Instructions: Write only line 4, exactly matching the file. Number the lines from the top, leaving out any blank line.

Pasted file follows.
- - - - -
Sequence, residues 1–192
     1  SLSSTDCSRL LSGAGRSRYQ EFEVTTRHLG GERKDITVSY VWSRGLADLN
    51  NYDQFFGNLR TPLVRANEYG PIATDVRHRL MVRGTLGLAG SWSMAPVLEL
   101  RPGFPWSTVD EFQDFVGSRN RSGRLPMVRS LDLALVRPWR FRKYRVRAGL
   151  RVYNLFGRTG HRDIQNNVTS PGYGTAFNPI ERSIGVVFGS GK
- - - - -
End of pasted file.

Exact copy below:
   101  RPGFPWSTVD EFQDFVGSRN RSGRLPMVRS LDLALVRPWR FRKYRVRAGL